However, “Candid Voices from the Field” (mentioned in the news section of Nonviolent News and featured in our Readings in Nonviolence in this issue) is an up to the minute review of the limitations and barriers to women being fully involved in peacemaking; the subtitle is “Obstacles to a Transformative Women, Peace and Security Agenda and to Women’s Meaningful Participation in Building Peace and Security.” In some ways it makes depressing reading because there are many such obstacles. It does however make strong and valuable conclusions and recommendations, and there are positive stories included too.
In relation to Northern Ireland the report points out (p.32), “....17 years after the peace agreement, with the refusal of the UK government to include Northern Ireland in its NAP [National Action Plan] on UNSCR 1325, the political environment for women’s empowerment and participation in Northern Ireland’s post-conflict governance remains extremely challenging.” The UK government proclaims that every peace process everywhere should fully involve women - except for that in Northern Ireland which happens to be part of the United Kingdom and the primary peace process within its borders. This speaks volumes for how seriously the issue is taken by those in power in Britain.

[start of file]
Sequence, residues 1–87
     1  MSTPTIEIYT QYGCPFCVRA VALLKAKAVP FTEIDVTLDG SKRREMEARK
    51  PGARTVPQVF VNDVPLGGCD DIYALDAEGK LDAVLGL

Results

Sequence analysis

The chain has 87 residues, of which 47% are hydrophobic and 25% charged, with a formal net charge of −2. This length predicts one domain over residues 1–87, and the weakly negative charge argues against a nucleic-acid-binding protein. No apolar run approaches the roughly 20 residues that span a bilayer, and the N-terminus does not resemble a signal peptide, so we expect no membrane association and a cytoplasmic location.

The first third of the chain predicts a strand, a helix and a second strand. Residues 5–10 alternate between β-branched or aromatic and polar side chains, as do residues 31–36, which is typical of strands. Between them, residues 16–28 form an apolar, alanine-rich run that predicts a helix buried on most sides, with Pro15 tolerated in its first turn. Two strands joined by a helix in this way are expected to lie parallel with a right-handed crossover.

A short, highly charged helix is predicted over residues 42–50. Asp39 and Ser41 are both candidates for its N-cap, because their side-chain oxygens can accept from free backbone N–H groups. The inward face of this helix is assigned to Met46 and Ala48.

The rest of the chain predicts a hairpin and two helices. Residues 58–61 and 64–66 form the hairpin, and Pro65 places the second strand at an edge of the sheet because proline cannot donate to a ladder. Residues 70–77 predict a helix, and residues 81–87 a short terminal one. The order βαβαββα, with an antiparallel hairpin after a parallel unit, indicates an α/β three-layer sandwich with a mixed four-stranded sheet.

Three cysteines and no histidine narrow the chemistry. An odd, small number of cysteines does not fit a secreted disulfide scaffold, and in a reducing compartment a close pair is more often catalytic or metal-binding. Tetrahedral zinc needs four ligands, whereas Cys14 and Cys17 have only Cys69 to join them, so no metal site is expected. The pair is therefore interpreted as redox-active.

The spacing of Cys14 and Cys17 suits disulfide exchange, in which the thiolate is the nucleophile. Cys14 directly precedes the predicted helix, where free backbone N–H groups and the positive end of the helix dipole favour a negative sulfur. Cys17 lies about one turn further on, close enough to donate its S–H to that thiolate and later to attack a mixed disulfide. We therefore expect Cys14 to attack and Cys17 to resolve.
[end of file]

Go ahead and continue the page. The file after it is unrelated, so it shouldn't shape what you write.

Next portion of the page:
Which brings us on to the issue of masculinity and violence, and ‘Candid Voices’ speaks of the need to “include work on alternative masculinities with men to challenge the gendered roots of armed conflict and the role of patriarchy in maintaining the power and privilege of make power elites....” (p.63). There is a clear need to challenge and overcome what could be termed ‘masculinearity’ – the socialisation of boys and young men into patriarchal roles and approaches, and the notion of only one, macho, definition of manhood. Redefining masculinity is a key factor in overcoming violence at all levels; most violence is perpetrated by men.